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Waze to Drive Its Social GPS Software Into Cars This Year

Images courtesy Waze

Waze, which makes one of the most popular GPS applications for smartphones, is planning to break into a platform it hopes will provide greater fuel for its business: the car.

The first car models to integrate Waze’s social mapping software, which provides turn-by-turn navigation as well as traffic and incident reports submitted by other drivers, will come later this year, said Chief Executive Officer Noam Bardin. He said his company is working with most major automakers, but would not disclose which ones.

“The same innovation that’s happening in the smartphone is going to tip into the car,” Bardin said in an interview at his company’s Palo Alto, California-based headquarters.

Waze’s free app for iPhones and Android devices has 19 million users, who can move up the ranks and unlock new avatar characters by earning points for feeding data into the system. The company, which recently added a feature for tracking gas prices, plans to make money by selling location-based ads.

The company’s foray into automobiles comes as Apple drives toward a similar business. The maker of iPhones announced this month that Audi, BMW, Chrysler, General Motors, Honda, Jaguar Land Rover, Mercedes-Benz and Toyota have all committed to install buttons on their steering wheels that activate the smartphone’s Siri voice controls. Apple is also adding free turn-by-turn navigation to the iPhone this fall and enabling social networking features through Yelp.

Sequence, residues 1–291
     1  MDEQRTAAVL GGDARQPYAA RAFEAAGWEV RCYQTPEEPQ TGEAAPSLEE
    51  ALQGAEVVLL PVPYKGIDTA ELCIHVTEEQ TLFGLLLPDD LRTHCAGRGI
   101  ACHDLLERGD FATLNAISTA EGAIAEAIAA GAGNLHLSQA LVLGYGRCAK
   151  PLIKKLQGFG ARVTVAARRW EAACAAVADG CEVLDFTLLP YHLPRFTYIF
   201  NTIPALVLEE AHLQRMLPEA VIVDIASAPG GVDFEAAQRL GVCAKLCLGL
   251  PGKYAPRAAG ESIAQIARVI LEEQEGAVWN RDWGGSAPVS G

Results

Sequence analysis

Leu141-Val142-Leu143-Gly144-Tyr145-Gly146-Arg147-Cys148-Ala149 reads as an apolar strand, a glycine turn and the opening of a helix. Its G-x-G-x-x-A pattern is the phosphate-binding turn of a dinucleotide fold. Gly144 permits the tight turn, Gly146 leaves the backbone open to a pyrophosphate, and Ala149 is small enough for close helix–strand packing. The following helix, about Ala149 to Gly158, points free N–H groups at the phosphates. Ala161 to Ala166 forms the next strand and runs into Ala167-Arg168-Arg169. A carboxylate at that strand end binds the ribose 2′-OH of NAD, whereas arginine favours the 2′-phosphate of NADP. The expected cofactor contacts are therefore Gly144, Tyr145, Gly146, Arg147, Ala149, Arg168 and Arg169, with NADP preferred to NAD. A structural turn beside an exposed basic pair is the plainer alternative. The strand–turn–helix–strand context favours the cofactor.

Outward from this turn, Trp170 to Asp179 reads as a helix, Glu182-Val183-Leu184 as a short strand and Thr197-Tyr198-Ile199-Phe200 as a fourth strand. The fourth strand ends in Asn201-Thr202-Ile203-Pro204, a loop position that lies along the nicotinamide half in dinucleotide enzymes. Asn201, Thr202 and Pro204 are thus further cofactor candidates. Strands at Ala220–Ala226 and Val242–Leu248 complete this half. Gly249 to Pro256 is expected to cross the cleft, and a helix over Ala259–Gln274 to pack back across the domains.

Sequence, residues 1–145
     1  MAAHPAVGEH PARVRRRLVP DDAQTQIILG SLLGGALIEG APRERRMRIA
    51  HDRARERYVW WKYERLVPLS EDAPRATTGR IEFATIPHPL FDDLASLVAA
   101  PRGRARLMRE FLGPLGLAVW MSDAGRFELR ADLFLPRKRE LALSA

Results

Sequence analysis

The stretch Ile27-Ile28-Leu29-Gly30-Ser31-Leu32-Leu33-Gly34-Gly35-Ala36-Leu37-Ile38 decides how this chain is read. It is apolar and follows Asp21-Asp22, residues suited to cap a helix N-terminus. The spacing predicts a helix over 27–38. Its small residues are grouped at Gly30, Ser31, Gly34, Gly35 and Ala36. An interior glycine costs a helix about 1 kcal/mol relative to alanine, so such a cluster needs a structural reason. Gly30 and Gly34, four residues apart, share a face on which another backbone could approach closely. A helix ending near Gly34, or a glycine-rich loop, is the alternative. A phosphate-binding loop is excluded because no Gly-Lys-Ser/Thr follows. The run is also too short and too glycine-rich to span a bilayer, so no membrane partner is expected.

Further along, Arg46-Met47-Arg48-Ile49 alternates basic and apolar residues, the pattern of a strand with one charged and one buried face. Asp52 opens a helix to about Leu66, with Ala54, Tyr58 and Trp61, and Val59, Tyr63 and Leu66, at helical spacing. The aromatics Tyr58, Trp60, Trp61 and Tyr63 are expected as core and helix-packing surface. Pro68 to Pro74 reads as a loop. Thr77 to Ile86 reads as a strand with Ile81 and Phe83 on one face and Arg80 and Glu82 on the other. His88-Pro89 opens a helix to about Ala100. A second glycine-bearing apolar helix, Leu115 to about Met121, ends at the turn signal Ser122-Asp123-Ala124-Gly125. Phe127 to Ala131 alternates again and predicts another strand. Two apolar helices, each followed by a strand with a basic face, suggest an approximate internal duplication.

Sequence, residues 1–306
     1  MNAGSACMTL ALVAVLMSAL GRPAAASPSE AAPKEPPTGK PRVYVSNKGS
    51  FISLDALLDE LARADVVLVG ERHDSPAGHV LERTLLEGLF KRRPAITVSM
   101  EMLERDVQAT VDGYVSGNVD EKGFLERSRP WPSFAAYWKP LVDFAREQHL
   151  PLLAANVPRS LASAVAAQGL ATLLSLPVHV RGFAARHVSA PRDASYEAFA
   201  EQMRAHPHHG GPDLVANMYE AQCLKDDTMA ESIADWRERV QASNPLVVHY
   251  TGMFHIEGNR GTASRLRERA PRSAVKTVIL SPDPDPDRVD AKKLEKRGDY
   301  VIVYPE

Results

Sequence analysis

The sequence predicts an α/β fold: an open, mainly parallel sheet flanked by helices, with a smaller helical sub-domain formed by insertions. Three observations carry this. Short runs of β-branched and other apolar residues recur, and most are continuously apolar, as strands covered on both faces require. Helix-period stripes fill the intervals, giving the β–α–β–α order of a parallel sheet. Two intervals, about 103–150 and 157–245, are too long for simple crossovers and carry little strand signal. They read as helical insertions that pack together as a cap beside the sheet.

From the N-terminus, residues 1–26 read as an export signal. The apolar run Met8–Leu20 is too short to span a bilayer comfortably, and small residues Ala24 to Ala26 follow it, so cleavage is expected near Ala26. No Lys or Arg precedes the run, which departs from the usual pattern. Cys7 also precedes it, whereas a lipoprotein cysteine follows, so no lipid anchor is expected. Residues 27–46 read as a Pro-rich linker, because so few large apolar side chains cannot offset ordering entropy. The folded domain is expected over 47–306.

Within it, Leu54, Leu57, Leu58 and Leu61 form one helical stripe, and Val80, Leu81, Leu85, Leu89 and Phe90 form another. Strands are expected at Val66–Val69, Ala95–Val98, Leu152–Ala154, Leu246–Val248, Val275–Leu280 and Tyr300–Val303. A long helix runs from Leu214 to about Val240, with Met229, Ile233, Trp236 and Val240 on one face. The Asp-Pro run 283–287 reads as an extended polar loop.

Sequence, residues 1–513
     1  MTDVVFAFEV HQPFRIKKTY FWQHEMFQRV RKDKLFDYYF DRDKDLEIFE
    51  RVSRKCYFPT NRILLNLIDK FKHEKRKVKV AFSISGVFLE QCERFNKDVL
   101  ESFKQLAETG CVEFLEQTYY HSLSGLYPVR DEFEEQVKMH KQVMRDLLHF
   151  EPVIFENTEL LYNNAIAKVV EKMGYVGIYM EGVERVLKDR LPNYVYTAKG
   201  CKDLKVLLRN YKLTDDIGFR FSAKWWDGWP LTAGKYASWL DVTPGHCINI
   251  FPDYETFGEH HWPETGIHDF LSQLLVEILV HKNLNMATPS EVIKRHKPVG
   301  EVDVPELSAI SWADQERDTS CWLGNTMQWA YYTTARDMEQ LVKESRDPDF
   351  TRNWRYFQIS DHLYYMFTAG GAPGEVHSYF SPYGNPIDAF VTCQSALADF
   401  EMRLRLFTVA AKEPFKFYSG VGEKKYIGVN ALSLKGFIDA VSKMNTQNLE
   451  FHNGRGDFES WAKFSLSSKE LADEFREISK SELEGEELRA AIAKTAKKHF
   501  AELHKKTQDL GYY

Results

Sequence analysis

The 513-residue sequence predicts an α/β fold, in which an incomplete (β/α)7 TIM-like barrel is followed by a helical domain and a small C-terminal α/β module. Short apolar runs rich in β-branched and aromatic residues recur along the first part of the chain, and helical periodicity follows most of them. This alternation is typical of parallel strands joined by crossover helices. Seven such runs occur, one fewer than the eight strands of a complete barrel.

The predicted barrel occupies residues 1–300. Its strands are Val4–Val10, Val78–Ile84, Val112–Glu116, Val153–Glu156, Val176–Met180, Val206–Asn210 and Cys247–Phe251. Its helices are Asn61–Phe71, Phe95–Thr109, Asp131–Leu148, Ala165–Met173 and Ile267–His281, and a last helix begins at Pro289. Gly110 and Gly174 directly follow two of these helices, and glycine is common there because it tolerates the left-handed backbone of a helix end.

Bardin said he’s not worried about Apple, since usage of Waze wasn’t affected when Google added a similar navigation feature to Android. Waze appears to power some part of Apple’s new Maps app, according to published images of the software. Bardin declined to comment.

Both Apple and Waze could coexist in cars, depending on how they are implemented. Automakers are expected to install dashboard units that look like Pioneer’s AppRadio, which can display Waze or other apps from a smartphone onto the car’s screen, Bardin said.

Automakers plan to make car software more compatible with smartphones, rather than develop their own operating systems to compete with the iPhone, he said.

“The car manufacturers thought they were going to be Apple,” Bardin said.

Instead, they’re heading down what may be a smoother road.

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